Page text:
14 Jun 05. Ronald Sugar, chief executive of Northrop Grumman, the US defence giant, said his decision on whether to compete in the US air force’s troubled refuelling tanker programme had been affected by congressional efforts to punish Airbus parent EADS, his likely partner. The stance, taken just weeks after the House of Representatives moved to bar EADS from Pentagon programmes because of its dispute with the US over commercial aircraft subsidies, indicates that Northrop will not announce it will join the Airbus bid during the Paris Air Show this week, as many in the industry had anticipated. With the congressional dispute likely to continue through the summer, a Northrop decision could be delayed for months. According to industry officials, Northrop has been in advanced talks with EADS to take the lead on the Franco-German group’s efforts to sell A330s to the US air force when the Pentagon announces a competition for the programme later this year. But Mr Sugar said in an interview with the Financial Times that the House legislation had effected the timing of his decision.
16 Jun 05. Barely five years ago, Finmeccanica was still a hodgepodge of industrial activities. But after spending nearly €2bn to acquire ownership of the AgustaWestland helicopter business and BAE Systems’ avionics activities, it is claiming a seat in the defence industry’s top table. So it is hardly surprising that the Italian company is commanding such attention at this week’s Paris Air Show. Pier Francesco Guarguaglini, the group’s veteran boss, has been bombarded with questions over his plans. Any further consolidation of the European defence industry is bound to involve the Italians, now the second biggest defence group in the UK and actively expanding in the US. In the meantime, his priority is to complete the integration of the UK activities. Integration is more advanced in the helicopter business, boosted by its recent US success. He is now hoping to secure a similar boost for avionics by lobbying governments to transform the European Fighter Aircraft into a multi-role aircraft, enabling greater product integration. To complete Finmeccanica’s own transformation, the Italian government could well consider setting the company loose by selling its remaining 34 per cent stake. (Source: FT)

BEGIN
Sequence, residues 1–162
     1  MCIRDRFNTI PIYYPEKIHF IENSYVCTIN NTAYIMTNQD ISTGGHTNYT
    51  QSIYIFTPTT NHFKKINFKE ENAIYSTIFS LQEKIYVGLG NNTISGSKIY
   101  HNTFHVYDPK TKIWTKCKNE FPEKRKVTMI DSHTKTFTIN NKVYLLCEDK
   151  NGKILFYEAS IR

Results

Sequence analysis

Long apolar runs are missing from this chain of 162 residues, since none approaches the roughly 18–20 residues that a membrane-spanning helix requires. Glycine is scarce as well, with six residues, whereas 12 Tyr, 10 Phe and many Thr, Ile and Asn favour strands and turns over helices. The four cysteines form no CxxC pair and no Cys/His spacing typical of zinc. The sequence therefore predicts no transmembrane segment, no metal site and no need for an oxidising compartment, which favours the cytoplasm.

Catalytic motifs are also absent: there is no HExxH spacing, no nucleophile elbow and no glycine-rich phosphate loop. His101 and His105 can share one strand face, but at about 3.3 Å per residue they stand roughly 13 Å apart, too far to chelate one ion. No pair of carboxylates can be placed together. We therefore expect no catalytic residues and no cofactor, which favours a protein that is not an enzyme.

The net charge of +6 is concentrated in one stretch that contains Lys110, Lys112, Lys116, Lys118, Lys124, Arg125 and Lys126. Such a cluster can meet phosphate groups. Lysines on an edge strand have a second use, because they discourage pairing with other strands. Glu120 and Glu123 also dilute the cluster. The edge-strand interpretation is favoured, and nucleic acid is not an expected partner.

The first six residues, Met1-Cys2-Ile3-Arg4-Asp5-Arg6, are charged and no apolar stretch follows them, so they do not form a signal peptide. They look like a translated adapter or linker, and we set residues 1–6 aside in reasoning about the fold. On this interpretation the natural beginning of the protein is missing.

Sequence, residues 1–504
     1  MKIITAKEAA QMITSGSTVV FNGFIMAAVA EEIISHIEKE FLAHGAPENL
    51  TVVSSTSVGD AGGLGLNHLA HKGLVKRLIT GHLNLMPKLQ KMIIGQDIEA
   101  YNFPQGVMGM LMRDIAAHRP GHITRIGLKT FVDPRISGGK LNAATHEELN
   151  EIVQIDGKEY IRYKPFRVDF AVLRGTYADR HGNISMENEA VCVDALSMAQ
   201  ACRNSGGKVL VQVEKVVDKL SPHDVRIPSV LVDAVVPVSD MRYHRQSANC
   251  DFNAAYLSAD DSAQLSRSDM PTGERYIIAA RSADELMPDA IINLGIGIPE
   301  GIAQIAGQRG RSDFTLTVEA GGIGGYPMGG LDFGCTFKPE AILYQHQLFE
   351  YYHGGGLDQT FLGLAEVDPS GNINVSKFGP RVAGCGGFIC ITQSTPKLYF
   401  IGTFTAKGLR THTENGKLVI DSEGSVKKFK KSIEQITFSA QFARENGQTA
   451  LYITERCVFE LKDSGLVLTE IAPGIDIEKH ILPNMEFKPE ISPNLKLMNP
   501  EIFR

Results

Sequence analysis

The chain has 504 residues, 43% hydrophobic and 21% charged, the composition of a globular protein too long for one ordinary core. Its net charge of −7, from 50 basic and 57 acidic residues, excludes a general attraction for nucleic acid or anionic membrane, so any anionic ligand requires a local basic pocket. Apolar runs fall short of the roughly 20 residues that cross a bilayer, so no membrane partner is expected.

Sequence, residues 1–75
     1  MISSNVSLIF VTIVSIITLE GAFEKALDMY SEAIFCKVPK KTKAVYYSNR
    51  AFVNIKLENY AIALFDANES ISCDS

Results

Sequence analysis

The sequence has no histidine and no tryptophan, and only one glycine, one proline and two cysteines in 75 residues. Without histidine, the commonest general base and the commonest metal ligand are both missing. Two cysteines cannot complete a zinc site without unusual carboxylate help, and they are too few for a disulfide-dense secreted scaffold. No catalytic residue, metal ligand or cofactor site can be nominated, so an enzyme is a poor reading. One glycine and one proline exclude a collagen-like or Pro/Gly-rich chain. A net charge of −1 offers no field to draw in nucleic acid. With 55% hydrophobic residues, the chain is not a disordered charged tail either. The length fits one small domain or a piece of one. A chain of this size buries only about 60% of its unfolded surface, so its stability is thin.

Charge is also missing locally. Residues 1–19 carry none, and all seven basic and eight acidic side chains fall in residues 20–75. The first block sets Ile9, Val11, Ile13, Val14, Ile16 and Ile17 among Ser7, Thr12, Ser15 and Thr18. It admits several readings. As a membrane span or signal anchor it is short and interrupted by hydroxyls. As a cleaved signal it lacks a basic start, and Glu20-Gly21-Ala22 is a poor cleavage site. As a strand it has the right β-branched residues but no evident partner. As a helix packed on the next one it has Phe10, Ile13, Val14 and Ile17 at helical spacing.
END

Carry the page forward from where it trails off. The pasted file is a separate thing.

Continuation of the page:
16 Jun 05. It is not only Franco-German EADS and US rival Boeing that are wrestling with succession problems and top management turmoil. Turbulence is also shaking up the BAE Systems boardroom. For all BAE’s efforts to play down suggestions of a clash between Mike Turner, chief executive, and Dick Olver, chairman, the two seem at odds over strategy. Mr Turner wants to continue expanding across the Atlantic to take advantage of the far more lucrative American defence market where BAE is already a big Pentagon supplier. In contrast to the chairman, he is not interested in further European consolidation. There is even talk of BAE shedding its 20 per cent stake in Airbus as well as its share in the European MBDA missiles group. The company denied all at this week’s Paris Air Show. Yet Airbus insiders believe the trigger for a possible BAE withdrawal could come sooner than later. Since the beginning, the UK company has built the wings for all Airbus airliners, including the new A380 super jumbo’s giant wings now being assembled at its Broughton facility in Wales. The problem is that German and Spanish Airbus partners are campaigning to secure the wing business for the new A350 due to be launched later this year. They argue they already have the expertise BAE does not to build all-composite wings to rival Boeing’s 787 Dreamliner. Should the British lose their traditional hold on wing assembly, it would provide Mr Turner with a perfect argument to pull out of Airbus. (Source: FT)Comment: Given the turmoil at EADS and the lack of defence orders in Europe, Mike Turner’s view looks sound and could lead to the wholesale pullout from the UK with the loss-making shipyards